Here are some mighty strong words: “The subprime lending debacle has caused the greatest loss of wealth to people of color in modern U.S. history.” That is the conclusion of the lead author of a new report by United for a Fair Economy, Amaad Rivera, as quoted in an excellent article in the Christian Science Monitor.
The report, says the paper, also concludes that “Black/African-American borrowers will lose between $71 billion and $92 billion in the current foreclosure crisis…” Add another loss for Latino borrowers of another $75 billion to $98 billion, says the paper.
The paper reports that a little more than half of African-Americans and 4 in 10 Hispanics back in 2006 got subprime mortgage loans. And, as we all know, defaults on subprime loans were the spark that ignited this entire economic mess that now is taking down the banking system along with the real estate one.
When viewed in this light, it is apparent who is getting hit the hardest–as a group–by this awful downturn.
Says the paper, “There’s broad support on Capitol Hill for shoring up government-sponsored home-mortgage giants Fannie Mae and Freddie Mac: They’re too big to fail, many say. But there’s much less consensus over what to do about people who are losing their homes,especially in poor, inner-city neighborhoods–or even over how to understand their plight.”
I interviewed earlier today an African-American woman who is an example of this very issue: She holds down one full time and two part time jobs, works seven days a week, is a widow, is supporting a live-in 17 year old niece, and, this week, will probably lose the home she long lived in with her husband in a “mixed” neighborhood, as she puts it, of Southern California.
To listen to her story, is to listen to all the stories out there of those suffering the worst housing downturn since the Great Depression: The value of her home dropped by nearly $100 thousand over a year and a half period, she says. She had to refinance several times to pay the bills. She tried in vain to get help from her lender. She started falling behind on her monthly mortgage payments. She has lost this battle!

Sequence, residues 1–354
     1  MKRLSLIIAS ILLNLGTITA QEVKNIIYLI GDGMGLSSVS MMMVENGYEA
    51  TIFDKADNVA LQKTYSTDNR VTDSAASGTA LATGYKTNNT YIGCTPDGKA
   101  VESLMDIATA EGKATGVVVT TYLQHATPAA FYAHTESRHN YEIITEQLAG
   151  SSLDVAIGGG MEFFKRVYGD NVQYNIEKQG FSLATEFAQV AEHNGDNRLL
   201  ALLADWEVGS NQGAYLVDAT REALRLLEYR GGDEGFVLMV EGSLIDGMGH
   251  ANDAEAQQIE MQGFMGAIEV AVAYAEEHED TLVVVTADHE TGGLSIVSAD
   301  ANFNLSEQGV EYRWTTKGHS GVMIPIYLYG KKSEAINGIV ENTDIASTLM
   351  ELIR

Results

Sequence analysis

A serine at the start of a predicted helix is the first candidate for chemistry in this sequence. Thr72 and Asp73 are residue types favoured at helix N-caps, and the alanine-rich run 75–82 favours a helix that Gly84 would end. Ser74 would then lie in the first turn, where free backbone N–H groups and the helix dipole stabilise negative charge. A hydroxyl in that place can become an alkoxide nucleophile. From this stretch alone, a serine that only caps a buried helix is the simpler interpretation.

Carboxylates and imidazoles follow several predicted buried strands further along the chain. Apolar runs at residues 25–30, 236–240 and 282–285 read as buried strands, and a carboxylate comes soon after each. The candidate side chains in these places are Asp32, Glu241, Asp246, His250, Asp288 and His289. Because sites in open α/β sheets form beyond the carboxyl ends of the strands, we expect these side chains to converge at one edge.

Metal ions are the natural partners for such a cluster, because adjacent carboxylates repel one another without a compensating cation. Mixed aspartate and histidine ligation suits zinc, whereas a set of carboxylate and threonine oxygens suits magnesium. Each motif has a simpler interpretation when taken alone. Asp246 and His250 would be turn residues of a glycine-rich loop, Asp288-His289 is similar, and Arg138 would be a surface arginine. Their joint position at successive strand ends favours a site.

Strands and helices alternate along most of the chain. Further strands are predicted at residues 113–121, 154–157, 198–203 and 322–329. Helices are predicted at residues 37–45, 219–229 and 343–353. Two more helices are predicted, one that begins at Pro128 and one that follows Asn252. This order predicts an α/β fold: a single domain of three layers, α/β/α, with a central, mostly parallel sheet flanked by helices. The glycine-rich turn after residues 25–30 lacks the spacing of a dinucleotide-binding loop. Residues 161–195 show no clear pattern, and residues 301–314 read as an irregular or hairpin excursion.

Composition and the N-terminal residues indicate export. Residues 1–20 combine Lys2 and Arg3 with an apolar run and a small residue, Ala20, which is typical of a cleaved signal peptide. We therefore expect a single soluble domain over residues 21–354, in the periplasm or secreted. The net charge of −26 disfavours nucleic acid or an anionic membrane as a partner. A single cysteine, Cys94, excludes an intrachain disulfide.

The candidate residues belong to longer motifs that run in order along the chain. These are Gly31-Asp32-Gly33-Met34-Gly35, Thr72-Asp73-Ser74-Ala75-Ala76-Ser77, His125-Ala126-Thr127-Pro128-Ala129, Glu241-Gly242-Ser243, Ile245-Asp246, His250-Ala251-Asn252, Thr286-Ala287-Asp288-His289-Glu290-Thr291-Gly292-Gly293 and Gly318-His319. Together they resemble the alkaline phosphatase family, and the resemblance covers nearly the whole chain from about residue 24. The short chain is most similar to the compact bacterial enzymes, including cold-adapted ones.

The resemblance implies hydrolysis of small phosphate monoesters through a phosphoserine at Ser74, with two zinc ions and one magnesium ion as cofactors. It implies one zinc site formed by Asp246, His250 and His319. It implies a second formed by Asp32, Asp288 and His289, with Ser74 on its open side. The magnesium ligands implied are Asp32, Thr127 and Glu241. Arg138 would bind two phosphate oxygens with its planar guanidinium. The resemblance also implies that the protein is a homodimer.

Of course there are many white Americans who are in the very same place as this woman–also in dire need of a helping hand from the government…from somebody!
But she represents more…she represents a tidal wave of economic destruction that is tearing about entire neighborhoods in this country. Places where people who may have started on a lower rung of the ladder bought into the American dream only to get ripped off by greedy lenders who cared less about reinforcing the matrix of a community than about selling the loan to some other agency, some foreign bank perhaps, in the form of a repackaged security.
When the woman in question tried to extract an ounce of empathy from her lender — a lender now, itself, under government scrutiny for its home loan practices, she was told it no longer owned her mortgage…months later, she still hasn’t been able to find out exactly who does!
And so, this week, she will put pen to paper and leave behind for good a place she once came home to every night to eat dinner with her husband; a place she once watched her now fully grown son mature; a place she once took pride in; a place she once thought she’d live in till the day she retires; a place that, within days, will no longer belong to her.
She will visit it from time to time now that she has moved into a nearby rental unit. She will pass by it in her car but not turn into its driveway. She will keep on going because the American dream has now passed her by. Some dreams just don’t happen twice.